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Final Payment Rules – Calendar Year (CY) 2022

On November 2, 2021, the Centers for Medicare & Medicaid Services (CMS) issued the final rules for Calendar Year (CY) 2022 Outpatient Prospective Payment System (OPPS), CY 2022 Physician Fee Schedule, and CY 2022 Home Health PPS.

KEY UPDATES FROM THE CY 2022 OPPS FINAL RULE:
CY 2022 Medicare Hospital Outpatient Prospective Payment System (OPPS) and Ambulatory Surgical Center (ASC) Payment System Final Rule (CMS-1753-FC).
 
OPPS & ASC Payment Rates
Both the OPPS and ASC payment rates for hospitals that meet applicable quality reporting requirements will be increased by 2.0 percent (2.7 percent less 0.7 percentage point productivity adjustment.
 
Price Transparency
Proposed Increase in Civil Monetary Penalties (CMP) for noncompliance will be scaled by bed size (range $109,500 to $2,007,500 per hospital). Smaller hospitals with 30 or fewer beds are subject to a fine equal to $300 per day. Hospitals with a bed count between 31-550 beds are subject to a fine between $310 to $550 per day with a maximum penalty $2,007,500. Hospitals with a bed count of 551 or greater beds, are subject to a fine equal to $2,007,500 per hospital.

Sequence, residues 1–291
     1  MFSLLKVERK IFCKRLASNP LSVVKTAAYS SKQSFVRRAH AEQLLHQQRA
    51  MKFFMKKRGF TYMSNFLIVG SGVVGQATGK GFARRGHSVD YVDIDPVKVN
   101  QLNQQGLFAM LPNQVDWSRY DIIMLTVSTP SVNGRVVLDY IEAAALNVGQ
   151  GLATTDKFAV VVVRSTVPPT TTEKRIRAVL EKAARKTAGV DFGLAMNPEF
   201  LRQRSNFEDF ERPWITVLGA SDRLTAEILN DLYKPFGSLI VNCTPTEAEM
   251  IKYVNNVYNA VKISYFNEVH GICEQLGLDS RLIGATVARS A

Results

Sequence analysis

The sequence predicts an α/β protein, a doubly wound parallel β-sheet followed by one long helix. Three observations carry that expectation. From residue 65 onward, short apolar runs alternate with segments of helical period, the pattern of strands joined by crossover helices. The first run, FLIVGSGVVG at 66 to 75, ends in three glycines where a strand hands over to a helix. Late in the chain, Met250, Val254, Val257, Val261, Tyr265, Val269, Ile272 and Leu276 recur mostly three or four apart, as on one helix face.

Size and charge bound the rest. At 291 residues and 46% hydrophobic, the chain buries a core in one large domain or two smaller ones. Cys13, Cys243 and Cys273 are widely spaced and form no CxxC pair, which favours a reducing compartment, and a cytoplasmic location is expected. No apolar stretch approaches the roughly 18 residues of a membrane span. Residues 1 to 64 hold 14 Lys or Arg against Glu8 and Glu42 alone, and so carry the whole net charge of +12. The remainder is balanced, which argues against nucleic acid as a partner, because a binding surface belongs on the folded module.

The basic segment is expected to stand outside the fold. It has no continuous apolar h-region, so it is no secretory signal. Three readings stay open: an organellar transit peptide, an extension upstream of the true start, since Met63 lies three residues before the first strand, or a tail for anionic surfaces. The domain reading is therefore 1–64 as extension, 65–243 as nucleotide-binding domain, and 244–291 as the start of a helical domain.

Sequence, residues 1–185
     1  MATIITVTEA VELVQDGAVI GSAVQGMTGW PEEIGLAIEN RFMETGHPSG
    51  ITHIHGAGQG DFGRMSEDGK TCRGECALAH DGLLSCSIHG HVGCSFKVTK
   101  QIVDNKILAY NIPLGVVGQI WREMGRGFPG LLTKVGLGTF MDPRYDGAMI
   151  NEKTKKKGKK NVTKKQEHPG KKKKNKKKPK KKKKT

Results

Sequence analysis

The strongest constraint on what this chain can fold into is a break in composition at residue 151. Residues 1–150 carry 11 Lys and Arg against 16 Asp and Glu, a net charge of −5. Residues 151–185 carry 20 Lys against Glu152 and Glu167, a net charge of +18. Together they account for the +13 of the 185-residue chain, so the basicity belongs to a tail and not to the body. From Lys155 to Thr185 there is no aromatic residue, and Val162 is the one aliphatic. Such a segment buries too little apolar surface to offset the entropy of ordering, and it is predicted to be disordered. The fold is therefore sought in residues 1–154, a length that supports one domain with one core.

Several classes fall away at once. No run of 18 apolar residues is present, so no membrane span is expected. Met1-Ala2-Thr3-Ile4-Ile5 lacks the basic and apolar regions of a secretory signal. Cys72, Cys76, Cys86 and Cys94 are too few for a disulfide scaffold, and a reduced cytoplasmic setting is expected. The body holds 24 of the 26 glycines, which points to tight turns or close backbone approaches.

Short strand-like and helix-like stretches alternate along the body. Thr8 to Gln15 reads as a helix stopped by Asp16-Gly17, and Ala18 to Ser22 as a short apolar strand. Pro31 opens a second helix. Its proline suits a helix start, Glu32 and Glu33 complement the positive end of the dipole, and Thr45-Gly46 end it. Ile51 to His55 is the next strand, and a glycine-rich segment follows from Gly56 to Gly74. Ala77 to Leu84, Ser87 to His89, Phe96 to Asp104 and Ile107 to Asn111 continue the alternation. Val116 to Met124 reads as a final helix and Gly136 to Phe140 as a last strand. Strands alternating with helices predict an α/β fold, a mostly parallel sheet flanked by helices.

CMS is also requiring machine-readable files are accessible for automated searches and direct downloads.
 
Toyon’s Take
These fines emphasize CMS’s push to provide public access to pricing information.
 
Use of CY 2019 Claims Data for CY 2022 OPPS/ASC Ratesetting
CMS believes the best available data for projecting expected cost and OPPS/ASC payment derives from calendar year 2019, prior to the COVID-19 Public Health Emergency (PHE). Conventionally, CMS would have used the most recent data (from 2020) for ratesetting.
 
Toyon’s Take
Toyon recommends providers regularly evaluate CY 2022 OPPS/ASC payments to ascertain the reasonableness of CMS’s projection that CY 2022 cost and volumes will be more reflective of 2019 levels as compared to 2020. When areas of the country “normalize” from COVID-19 PHE, then it is best to use data from prior to the outbreak to project CY 2022 OPPS/ASC payments. Notably, CY 2020 data may not be used in future rates.
 
Changes to the Medicare Inpatient Only (IPO) List
In CY 2022 CMS will add back all codes to the IPO list, except CPT codes 22630 (Lumbar spine fusion), 23472 (Reconstruct shoulder joint), 27702 (Reconstruct ankle joint) and their corresponding anesthesia codes. Also, the planned elimination of the IPO list will be put on hold until further notice. See this link.
 
Toyon’s Take